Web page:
Column Introduction

A number of recent renovation and construction projects in academic business libraries across North America signal a new surge in the importance of academic business libraries as a place for students and faculty alike to collaborate, study and learn. Spurred in part by student demand and competition from peer institutions, many libraries are transforming themselves in the process, offering a wider range of services and becoming a hub of activity. In this article, Kim Bloedel discusses how user studies and data collection informed the renovation of the Pomerantz Business Library at the University of Iowa’s Tippie College of Business ... and the results speak for themselves! Not only is the space much brighter and more inviting, but foot traffic and room reservations have greatly increased as well.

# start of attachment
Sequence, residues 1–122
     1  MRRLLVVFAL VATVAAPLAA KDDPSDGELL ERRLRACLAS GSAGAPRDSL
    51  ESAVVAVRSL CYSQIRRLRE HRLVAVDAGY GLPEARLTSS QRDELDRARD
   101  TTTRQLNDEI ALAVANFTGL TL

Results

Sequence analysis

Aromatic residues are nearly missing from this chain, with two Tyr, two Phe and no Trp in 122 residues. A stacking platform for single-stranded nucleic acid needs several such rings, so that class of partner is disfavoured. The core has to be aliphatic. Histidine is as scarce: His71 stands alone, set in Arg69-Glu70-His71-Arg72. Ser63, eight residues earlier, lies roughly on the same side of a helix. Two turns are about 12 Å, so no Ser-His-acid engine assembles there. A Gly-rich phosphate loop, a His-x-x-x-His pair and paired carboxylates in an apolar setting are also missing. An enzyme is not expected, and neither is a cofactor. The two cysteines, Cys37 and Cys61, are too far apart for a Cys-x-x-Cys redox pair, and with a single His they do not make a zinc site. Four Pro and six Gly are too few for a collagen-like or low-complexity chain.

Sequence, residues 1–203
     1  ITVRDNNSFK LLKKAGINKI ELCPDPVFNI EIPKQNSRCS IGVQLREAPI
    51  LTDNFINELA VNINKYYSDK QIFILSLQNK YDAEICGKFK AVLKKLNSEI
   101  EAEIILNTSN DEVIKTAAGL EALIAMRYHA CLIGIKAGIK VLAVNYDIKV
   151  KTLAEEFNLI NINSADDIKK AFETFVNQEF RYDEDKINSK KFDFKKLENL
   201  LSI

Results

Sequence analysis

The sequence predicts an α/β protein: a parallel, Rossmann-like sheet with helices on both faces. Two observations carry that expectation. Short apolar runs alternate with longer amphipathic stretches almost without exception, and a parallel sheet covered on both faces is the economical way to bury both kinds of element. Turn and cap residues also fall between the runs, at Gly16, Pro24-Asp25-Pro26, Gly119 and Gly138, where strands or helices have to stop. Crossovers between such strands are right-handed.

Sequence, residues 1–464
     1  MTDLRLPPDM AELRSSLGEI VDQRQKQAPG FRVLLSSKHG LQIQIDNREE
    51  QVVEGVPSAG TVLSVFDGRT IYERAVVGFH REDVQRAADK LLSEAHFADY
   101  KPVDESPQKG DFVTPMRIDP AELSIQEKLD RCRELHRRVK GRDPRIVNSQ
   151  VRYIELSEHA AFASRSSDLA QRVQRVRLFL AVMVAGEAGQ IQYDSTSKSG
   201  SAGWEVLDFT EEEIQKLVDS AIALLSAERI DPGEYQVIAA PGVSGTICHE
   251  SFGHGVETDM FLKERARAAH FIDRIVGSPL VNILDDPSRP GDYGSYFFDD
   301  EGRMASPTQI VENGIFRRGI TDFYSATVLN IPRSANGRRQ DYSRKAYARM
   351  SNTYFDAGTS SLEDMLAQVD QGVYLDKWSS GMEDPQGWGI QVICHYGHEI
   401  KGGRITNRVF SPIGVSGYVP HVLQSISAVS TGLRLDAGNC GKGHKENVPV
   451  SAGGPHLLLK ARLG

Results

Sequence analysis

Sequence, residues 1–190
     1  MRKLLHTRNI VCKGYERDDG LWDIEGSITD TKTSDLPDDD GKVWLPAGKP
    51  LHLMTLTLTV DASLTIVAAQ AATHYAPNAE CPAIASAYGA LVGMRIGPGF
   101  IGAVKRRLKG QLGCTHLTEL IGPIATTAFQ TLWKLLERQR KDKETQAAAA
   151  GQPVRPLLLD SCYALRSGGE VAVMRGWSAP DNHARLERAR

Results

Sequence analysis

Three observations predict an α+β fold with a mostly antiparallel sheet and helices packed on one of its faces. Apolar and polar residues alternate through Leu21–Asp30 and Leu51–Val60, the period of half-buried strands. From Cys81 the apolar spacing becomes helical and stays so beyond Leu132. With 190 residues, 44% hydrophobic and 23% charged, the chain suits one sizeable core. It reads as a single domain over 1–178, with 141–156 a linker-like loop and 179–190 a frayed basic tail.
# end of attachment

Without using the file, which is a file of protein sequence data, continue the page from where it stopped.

- Laura Walesby, Column Editor

In spring of 2018, the University of Iowa’s Tippie College of Business opened a newly designed third floor of the Pomerantz Business Library. Now called the "Biz Hub," the new design is very different from the old traditional design, which was completed in 1992. Gone are the dark woods, the large information desk, dark teal carpet, and the long hall of journal stacks. In their place are shiny stone counters, a smaller information desk, bright floors, and group study rooms with glass walls (Image 1). In addition to library services, the Biz Hub offers tutoring services, business writing assistance, and a café. Located in the center of the John Pappajohn Business Building, the Biz Hub provides study space and services to over 3,000 business students and business faculty members as well as the entire campus.